Posts from the ‘Writing’ Category
December 5th, 2016
Now that it is summer here in Australia I’m reminded of how lucky I was to have two summers this year, and that I have yet to write about the research I did for my novel in the United States in July. I have taught a few seminars about researching for writing and spoken to many writer friends about this over the years, but I haven’t written about how I use different types of research while writing a novel. So here goes.
My initial purpose of travelling to the US was to attend the Tin House Summer Workshop, but once I was well into the draft of this novel I realised how worthwhile it would be to research the gaps in my story as well. I am writing a novel about a war bride from Australia who meets and marries an American GI during World War II and subsequently moves to the US. Through Dr Robyn Arrowsmith, author of the fascinating social history All The Way To The USA: Australian WWII War Brides, I was introduced to several WWII war brides, two of whom I was able to visit with during my trip.
First I flew into Los Angeles, for the dual purpose of visiting an old friend and to see the Queen Mary,
a retired ocean liner from the Cunard line which was used as a troop ship during WWII and also transported war brides from the UK to the USA after the war was over in 1946. While the Queen Mary was never used to transport Australian war brides, the original art deco interiors were similar to some of the ships which Australian war brides sailed on. The ship is permanently docked in Long Beach now as a hotel and tourist site, and my friend (who was eight months pregnant and had a two-year-old in tow) was kind enough to share me with the ship. We stayed on board (though she had heard it was haunted). We didn’t see ghosts, but I was delighted to see that the cabins were largely unchanged, with original built-ins and taps in the bathroom for seawater or freshwater. Read more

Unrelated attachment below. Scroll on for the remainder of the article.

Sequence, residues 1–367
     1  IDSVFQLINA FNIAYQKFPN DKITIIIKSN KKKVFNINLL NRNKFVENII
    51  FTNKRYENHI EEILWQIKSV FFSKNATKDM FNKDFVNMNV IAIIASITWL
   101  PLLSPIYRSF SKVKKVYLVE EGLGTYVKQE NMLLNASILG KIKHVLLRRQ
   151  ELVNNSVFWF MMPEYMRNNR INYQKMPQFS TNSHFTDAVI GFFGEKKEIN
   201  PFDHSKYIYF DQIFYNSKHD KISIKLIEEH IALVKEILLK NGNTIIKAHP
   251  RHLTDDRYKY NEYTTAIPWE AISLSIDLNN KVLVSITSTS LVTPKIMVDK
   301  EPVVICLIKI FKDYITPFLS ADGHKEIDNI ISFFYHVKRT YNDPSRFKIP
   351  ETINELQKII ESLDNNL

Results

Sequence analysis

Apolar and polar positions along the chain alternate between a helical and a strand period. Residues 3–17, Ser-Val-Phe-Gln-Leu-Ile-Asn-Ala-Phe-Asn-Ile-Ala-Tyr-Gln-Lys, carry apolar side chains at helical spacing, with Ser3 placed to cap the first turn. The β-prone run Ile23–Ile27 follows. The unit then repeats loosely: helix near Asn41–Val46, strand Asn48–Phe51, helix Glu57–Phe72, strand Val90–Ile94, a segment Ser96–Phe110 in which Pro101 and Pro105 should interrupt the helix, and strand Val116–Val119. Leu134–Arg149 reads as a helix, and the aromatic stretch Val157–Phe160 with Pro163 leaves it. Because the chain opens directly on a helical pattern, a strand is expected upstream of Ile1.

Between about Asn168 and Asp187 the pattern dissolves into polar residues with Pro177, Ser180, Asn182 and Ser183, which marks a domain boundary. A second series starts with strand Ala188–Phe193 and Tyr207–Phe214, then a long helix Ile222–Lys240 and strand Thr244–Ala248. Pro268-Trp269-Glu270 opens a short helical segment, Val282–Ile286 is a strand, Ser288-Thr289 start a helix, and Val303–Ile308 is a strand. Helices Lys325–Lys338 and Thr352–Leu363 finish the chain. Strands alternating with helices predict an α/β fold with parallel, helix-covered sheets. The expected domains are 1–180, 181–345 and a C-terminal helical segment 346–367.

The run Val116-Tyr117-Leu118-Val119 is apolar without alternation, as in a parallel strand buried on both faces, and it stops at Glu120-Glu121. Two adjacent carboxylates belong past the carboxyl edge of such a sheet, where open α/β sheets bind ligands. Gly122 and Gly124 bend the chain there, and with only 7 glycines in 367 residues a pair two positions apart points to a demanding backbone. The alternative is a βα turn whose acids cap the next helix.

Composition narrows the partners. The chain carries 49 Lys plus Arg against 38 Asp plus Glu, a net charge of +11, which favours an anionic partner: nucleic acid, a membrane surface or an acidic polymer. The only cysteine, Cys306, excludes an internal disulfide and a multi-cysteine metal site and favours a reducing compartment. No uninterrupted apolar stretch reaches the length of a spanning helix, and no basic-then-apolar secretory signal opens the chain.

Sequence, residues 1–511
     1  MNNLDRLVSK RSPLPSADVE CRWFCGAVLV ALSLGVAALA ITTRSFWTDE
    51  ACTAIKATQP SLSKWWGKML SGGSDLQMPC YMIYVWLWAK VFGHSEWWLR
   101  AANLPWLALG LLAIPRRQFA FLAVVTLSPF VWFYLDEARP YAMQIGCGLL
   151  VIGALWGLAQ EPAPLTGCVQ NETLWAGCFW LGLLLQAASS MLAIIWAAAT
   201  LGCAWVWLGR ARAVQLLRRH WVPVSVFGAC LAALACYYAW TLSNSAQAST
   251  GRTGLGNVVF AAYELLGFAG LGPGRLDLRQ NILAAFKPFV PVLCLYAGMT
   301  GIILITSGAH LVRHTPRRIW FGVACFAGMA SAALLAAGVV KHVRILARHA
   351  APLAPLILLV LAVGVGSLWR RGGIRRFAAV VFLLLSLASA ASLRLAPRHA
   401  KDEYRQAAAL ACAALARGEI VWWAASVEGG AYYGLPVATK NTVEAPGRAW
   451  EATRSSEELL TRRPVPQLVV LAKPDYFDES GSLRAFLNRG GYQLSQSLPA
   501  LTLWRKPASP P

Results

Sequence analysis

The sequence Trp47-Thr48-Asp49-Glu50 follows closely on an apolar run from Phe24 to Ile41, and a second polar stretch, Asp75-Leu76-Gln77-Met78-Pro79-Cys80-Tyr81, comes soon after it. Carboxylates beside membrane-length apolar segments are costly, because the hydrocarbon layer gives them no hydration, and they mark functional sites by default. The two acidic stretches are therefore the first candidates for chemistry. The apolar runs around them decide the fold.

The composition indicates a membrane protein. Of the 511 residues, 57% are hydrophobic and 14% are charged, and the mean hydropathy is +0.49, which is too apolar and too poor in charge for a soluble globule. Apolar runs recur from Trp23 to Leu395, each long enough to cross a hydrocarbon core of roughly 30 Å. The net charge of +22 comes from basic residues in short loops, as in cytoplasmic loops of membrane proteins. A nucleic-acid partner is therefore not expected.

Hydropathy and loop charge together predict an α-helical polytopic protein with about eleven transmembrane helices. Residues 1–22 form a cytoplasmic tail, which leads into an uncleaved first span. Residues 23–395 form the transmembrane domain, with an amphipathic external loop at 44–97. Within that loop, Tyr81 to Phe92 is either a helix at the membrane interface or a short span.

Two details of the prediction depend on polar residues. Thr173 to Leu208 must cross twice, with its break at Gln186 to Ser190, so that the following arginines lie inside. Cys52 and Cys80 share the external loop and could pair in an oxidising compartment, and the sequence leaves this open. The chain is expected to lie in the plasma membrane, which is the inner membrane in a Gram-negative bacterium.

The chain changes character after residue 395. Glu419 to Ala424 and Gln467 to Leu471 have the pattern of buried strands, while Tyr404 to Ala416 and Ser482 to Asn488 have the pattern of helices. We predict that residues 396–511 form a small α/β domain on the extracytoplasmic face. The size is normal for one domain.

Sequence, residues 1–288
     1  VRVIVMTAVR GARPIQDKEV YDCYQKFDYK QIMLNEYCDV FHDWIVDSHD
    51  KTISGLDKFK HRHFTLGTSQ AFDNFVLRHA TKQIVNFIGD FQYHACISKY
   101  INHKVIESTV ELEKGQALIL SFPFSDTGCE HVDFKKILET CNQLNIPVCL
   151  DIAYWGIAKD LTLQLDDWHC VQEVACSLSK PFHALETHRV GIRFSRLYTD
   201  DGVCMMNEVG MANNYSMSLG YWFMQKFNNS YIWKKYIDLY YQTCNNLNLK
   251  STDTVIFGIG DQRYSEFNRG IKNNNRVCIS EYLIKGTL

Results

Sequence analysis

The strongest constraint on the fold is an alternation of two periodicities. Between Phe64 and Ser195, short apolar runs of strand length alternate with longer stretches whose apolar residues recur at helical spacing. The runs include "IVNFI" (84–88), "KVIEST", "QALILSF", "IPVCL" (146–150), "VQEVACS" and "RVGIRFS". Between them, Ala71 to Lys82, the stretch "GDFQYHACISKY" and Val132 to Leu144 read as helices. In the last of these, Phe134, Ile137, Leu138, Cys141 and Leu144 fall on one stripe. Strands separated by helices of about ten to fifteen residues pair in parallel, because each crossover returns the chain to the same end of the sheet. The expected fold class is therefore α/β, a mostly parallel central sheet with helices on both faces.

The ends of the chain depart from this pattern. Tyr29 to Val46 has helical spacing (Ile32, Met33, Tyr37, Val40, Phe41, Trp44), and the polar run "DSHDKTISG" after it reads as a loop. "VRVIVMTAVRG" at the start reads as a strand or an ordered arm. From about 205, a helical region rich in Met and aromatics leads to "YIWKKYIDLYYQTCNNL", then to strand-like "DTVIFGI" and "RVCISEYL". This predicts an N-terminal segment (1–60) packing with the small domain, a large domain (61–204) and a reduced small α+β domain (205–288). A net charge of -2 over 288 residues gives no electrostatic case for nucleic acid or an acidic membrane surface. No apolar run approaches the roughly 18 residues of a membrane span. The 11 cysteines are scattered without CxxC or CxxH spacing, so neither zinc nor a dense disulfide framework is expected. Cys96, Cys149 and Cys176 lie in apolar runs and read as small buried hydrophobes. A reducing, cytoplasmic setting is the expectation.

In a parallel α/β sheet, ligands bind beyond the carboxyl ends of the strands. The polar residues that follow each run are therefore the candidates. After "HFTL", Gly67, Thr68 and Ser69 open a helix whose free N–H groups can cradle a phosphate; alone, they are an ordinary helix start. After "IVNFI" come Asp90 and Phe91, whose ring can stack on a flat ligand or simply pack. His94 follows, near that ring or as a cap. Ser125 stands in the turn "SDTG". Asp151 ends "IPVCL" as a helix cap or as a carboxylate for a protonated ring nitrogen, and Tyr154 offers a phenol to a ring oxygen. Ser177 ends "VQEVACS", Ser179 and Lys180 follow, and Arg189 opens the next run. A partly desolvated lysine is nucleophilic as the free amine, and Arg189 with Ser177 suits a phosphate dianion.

July 20th, 2016
For years I’ve thought about attending one of the many summer writing workshops in the US: Bread Loaf, Tin House, Iowa, Sewanee. I’ve studied their programs and the lists of authors and talks and envied the immersive creative community. Since I grew up (part of the time) in America I knew the college atmosphere from my undergrad days, but I moved to Australia in my early 20s and never experienced a Master of Fine Arts (MFA) program. We just don’t have them here.
The Doctorate of Creative Arts which I finished last year gave me a wonderful supervisor who read, advised and guided my project, but never the intensive workshop structure which is available in the US. My scholarship gave me the financial freedom to write, but I never felt part of a community of writers, and even working from my desk at the university the other writers I came into contact with existed in the bubble of their own work. I think there is something to be gained from reading others who are still figuring things out, learning from each other’s mistakes and being pushed by their inventiveness. I love being challenged – critiqued – questioned. Being asked: what’s at stake for you here? What’s your vulnerability? How can you push this further?
So this year I made my plans far in advance to apply to the Tin House Summer Workshop, in part because of their reputation and the quality of the writers they publish, and in part because the timing fit perfectly with my kids’ school holidays. I blocked out two weeks – one to attend the workshop and one to conduct interviews with Australian WWII war brides for the novel I am working on, and visit WWII-era ships on the West Coast (more about this in a later post). Only when I received my acceptance did I start to question my decision. Was I really ready to leave my children for two weeks? What if my workshop hated my writing? What if everyone was so much more meta than me? Although I had taught workshops recently I hadn’t workshopped my own work in so long that it made my stomach flip with fear. Even though I’ve had two novels published, I still feel like every time I’m beginning again.
So it was that my first night on the campus of Reed College in Portland Oregon I lay in my single bed, the plastic mattress squeaking beneath me, the bathroom door across the hall creaking and clicking, thinking “what the fuck have I done?”
Would I just have been better off taking a week alone to write? Was I going to feel comfortable enough with a group of strangers to bear hearing them talk about my work?
I wouldn’t have and I did. I was in the novel workshop with Dana Spiotta, an author I’ve read and admired. This interview with her in the New York Times earlier this year made me think she would be a damn good teacher too (and quietly subversive – right up my alley).